The Fox And The Child (U)



Drama (2007)
94mins Fr

Starring: Bertille Noel-Bruneau
Director: Luc Jacquet
Writer(s): Luc Jacquet
Listings: London | Rest of UK and Ireland

A freckled, red-haired 10-year-old girl merrily traipses along a woodland path, surrounded by the colours of autumn, until she spies a fox. Enchanted by the majestic creature, who she christens Lily, the girl arrogantly decides to impose herself on this untouched wilderness. "I decided I would tame the fox... I had no idea it was the beginning of a great adventure," she confides excitedly. The girl spends long hours shadowing the fox, until a broken limb forces her to spend much of the winter at home, recuperating with a cast. When spring arrives, the meddlesome tyke gets her wish and she attempts to domesticate the fox, with truly horrific consequences.

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LondonNet Film Review
The Fox And The Child

Luc Jacquet, director of the Oscar-winning March Of The Penguins, heads for sunnier climes in this family feature, which smudges the line separating wildlife documentary from sentimental drama...

The Fox and the Child. PatheInspired by the filmmaker's bucolic childhood in the mountains of Ain, The Fox And The Child is a visually stunning valentine to changing seasons in a woodland community and the delicate balance between man and nature. The production spent six months in the Retord plateau and Abruzzes National Park in Italy, capturing footage of wild foxes in their natural habitat, documenting behavioural patterns which would then be integrated into the screenplay penned by Jacquet and Eric Rognard. Prosaic, omnipresent voiceover provides a direct link between the stunning imagery, captured by director of photography Gerard Simon, and young actress Bertille Noel-Bruneau as the pint-sized villager who learns to her cost that some creatures can never be tamed.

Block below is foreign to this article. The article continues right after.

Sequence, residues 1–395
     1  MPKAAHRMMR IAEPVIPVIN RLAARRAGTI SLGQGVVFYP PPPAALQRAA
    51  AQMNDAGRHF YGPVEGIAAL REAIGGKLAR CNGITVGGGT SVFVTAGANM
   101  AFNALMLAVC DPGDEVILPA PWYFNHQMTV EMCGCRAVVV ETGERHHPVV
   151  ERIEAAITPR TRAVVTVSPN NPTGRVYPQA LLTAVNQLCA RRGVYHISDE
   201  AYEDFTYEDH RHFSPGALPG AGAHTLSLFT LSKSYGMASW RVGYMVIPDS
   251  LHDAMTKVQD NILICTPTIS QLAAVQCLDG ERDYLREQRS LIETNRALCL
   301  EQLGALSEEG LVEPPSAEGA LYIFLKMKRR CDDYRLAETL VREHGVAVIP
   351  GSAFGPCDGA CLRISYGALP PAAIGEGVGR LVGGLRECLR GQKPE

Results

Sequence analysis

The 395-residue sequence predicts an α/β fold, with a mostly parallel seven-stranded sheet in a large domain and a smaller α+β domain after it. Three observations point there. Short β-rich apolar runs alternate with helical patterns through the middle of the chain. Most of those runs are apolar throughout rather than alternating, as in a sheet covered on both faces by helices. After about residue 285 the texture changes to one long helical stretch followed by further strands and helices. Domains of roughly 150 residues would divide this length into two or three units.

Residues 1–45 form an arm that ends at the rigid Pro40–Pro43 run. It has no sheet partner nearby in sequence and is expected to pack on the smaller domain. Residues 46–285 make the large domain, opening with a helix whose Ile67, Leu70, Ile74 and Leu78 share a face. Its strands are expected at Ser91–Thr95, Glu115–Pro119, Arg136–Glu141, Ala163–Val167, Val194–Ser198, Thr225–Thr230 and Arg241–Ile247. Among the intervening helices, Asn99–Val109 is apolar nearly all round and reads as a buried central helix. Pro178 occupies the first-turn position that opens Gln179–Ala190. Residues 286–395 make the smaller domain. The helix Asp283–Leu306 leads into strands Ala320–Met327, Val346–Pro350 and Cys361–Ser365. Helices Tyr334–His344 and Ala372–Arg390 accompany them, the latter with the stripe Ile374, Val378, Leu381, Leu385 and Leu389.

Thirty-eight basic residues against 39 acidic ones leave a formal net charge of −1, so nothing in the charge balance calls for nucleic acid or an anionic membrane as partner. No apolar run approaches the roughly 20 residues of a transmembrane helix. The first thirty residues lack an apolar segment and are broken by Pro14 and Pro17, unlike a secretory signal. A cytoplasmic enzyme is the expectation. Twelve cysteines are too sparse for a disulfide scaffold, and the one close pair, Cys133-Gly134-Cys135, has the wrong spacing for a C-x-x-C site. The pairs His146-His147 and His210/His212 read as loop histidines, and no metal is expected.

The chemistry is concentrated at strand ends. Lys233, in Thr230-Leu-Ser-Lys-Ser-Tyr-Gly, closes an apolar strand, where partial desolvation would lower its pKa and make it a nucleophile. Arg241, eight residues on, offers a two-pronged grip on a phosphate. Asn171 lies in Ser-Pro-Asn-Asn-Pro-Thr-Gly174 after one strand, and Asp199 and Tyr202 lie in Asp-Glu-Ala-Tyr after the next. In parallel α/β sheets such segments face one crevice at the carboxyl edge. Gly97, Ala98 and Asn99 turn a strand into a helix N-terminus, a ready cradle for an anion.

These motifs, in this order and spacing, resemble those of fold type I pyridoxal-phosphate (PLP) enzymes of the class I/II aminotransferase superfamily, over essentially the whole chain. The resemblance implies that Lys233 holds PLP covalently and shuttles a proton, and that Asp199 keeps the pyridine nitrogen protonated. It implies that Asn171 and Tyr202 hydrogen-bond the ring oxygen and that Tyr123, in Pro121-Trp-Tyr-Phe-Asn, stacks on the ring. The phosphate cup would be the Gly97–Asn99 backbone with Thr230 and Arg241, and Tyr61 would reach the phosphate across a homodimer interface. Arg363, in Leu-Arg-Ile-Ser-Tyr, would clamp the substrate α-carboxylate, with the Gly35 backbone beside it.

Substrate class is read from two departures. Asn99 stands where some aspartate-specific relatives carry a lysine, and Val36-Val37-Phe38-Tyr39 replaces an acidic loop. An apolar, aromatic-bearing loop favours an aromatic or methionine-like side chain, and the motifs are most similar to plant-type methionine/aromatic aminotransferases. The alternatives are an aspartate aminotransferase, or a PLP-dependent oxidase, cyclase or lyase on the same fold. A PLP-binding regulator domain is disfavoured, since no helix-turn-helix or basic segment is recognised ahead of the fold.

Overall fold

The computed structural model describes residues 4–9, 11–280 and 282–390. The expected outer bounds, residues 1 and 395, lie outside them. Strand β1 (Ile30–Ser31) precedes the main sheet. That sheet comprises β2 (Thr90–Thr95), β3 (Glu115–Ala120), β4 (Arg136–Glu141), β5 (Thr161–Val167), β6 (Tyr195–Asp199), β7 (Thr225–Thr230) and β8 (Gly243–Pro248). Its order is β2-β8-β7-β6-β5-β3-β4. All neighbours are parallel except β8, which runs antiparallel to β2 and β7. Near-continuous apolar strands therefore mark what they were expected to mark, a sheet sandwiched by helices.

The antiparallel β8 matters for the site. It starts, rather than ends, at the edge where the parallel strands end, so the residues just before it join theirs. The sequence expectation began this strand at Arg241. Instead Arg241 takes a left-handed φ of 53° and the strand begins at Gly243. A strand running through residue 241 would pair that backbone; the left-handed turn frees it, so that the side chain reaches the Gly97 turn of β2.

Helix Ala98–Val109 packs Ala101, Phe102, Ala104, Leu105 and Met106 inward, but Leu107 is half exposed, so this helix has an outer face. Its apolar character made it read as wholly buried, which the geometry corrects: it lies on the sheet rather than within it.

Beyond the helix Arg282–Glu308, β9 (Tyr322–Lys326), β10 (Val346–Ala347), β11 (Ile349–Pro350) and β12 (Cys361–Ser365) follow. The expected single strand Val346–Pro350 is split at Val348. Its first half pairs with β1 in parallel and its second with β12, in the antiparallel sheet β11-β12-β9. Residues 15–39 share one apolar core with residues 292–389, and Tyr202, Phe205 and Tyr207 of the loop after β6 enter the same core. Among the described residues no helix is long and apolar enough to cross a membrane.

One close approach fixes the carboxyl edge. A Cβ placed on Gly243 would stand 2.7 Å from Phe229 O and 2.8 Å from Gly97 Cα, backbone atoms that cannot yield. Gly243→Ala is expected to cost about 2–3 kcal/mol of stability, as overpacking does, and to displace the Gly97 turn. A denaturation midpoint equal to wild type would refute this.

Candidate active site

"My story started one day on the way to school. I remember it well. I was 10-years-old..." begins narrator Kate Winslet, relating the inner thoughts of a little girl (Noel-Bruneau) as she wanders along a path. The freckled, red-haired tyke merrily traipses along her usual route, surrounded by the colours of autumn, until a bend in the path where she spies a fox. Enchanted by the majestic creature, whom she christens Lily, the girl arrogantly decides to impose herself on this resplendent, unspoilt wilderness. "I decided I would tame the fox... I had no idea it was the beginning of a great adventure," she confides excitedly. The girl spends long hours shadowing the fox, until a broken limb forces the child to spend much of the winter at home, recuperating with a cast.

The Fox and the Child. PatheMeanwhile, the object of her obsession frolics in the snow. "I was free again after two months indoors," trills Winslet as the girl dashes into the springtime undergrowth in search of the fox, witnessing gorgeous scenes of everyday animal life involving playful badgers, otters, woodpeckers, frogs and even a bear. Eventually, the meddlesome urchin gets her wish and she attempts to domesticate the fox, with truly horrific and bloody consequences that will probably upset very young viewers and most parents too. "I confused possession with love," concludes Winslet ruefully. "They [foxes] have known for a very long time that we can never truly be friends."

The Fox And The Child is blessed with gorgeous cinematography and a haunting orchestral score but the flimsy storyline struggles to hold our interest for 94 minutes. Scenes of the girl pursuing her vulpine prey become a little repetitive, severely testing the patience of small children in the audience. Some of the gushing voiceover could be excised entirely ("You knew it would rain. How did you know that?"), allowing viewers to draw their own conclusions without being force-fed every emotion.

- Jo Planter


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